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WüRZBURG, Germany — With former 1st Infantry Division Commander Maj. Gen. John Batiste joining the handful of retired generals calling for Defense Secretary Donald Rumsfeld’s resignation, some 1st ID troops who served under Batiste in Iraq differed in their opinion of the former commander’s criticism.

Last week, Batiste echoed about a half-dozen other retired generals who have gone public with what they characterize as Rumsfeld’s mismanagement of the war in Iraq and micromanagement of military affairs in general.

The head of the Pentagon is in need of a “fresh start,” Batiste said in an interview with CNN. “It speaks volumes that guys like me are speaking out from retirement about the leadership climate in the Department of Defense.”

Batiste commanded the 1st ID through an Iraq deployment in 2004 and 2005. Some 1st ID soldiers interviewed by Stars and Stripes this week defended their former division leader and the right he has to criticize Rumsfeld, while others said it does not help the war effort.

None, however, would state how they feel about the content of Batiste’s criticism.

Some soldiers and officers agreed to speak with Stripes only on condition of anonymity.

“He can say whatever the hell he wants to say,” said one 1st ID officer outside the shoppette at Würzburg’s Leighton Barracks. “He was a great commander, and he genuinely cared for the soldiers. And once you’re a civilian you can say anything you want. That’s freedom of speech.”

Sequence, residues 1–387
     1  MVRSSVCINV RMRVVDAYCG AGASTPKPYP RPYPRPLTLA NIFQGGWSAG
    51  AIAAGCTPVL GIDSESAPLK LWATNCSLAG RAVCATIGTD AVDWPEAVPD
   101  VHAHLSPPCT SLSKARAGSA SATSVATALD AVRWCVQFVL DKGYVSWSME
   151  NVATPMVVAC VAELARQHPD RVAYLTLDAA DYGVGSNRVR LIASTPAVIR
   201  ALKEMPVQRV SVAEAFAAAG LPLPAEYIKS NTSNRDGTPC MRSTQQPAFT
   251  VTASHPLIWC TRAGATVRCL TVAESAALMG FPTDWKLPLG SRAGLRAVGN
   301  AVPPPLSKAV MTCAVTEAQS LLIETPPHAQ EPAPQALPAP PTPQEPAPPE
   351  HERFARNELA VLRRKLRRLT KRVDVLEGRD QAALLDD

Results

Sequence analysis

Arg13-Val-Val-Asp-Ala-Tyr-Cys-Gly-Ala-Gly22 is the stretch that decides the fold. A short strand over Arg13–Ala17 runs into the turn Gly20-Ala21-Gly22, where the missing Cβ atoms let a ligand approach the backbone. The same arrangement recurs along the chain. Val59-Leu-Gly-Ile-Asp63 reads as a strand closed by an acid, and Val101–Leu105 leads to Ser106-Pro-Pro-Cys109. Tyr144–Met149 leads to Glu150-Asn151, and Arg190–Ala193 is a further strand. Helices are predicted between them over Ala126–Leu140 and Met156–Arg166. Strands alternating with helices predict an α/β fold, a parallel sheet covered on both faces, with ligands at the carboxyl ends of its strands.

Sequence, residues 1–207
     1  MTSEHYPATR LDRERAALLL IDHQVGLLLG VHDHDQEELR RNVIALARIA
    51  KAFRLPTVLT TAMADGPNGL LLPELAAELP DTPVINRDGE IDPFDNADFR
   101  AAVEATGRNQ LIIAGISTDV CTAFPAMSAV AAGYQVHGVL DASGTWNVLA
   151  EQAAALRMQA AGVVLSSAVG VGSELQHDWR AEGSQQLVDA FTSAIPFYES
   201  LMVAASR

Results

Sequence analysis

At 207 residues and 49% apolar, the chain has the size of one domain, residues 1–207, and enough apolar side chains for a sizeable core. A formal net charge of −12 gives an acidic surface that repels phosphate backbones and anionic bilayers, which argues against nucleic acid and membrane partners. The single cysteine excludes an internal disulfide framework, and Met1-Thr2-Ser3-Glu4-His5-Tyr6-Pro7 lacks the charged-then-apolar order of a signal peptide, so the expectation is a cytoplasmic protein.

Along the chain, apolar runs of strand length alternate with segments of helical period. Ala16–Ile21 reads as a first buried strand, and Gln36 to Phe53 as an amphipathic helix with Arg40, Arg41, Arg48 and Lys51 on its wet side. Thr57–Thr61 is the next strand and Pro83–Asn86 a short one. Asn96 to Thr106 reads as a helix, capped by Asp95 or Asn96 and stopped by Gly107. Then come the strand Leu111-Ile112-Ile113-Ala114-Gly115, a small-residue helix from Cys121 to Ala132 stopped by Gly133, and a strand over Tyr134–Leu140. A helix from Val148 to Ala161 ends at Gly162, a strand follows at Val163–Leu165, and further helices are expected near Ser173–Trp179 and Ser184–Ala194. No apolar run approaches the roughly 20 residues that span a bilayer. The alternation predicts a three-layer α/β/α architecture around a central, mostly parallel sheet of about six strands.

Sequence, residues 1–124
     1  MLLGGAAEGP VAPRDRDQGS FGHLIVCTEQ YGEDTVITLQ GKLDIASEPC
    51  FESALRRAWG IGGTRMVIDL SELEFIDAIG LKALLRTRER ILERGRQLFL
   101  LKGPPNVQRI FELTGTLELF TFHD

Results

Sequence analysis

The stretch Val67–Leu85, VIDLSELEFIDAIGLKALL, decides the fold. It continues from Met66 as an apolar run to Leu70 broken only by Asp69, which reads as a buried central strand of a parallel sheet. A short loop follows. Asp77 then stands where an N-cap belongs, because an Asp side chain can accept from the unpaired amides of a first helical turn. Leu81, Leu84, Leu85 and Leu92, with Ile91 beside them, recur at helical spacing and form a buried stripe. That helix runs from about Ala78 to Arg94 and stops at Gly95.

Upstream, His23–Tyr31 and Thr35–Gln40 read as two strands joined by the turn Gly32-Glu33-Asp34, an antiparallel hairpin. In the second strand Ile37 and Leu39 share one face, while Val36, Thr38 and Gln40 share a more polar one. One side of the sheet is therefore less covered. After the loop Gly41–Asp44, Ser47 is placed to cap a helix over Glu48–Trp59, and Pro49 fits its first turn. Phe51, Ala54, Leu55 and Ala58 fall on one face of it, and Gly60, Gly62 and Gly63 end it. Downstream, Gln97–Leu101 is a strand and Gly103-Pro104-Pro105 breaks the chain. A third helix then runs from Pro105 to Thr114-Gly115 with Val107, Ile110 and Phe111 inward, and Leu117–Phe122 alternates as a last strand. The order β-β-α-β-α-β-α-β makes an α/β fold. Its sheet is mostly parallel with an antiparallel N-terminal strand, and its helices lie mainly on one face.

Some soldiers have been talking about the “bashing” among themselves, the officer said.

One staff sergeant at Leighton said Batiste and the others have gone about airing their grievances in the wrong way.

“[Batiste] should call [Rumsfeld] up and tell him to his face,” he said.

Something is wrong when subordinates don’t tell their commanders what is going on, said 1st ID Sgt. Robert Perez, a member of the 1st Squadron, 4th Cavalry Regiment.

“We paint the battlefield for them, and they should do the same,” he said, adding that the criticism from Batiste and other generals came too late to help the war effort in Iraq. “I don’t agree with it, not this late in the game. It’s just not valid anymore.”

The military urges noncommissioned and commissioned officers to keep their commanders apprised of combat conditions, and the generals who advise Rumsfeld, Perez said, should repeat that frankness.

Also at Ledward on Wednesday, 1st ID Staff Sgt. Shawn Brooks said it was not right for Batiste to speak out against Rumsfeld.

“I think it will hurt morale,” he said. “I don’t think it’s fair for them to criticize, especially being at war.”

Even though Batiste and the other generals are retired, they are still primarily identified and affiliated with the military, Brooks said.

“For someone who’s recently served, it has more of an impact,” he said. “If it was someone from 10 years ago, that would be different.”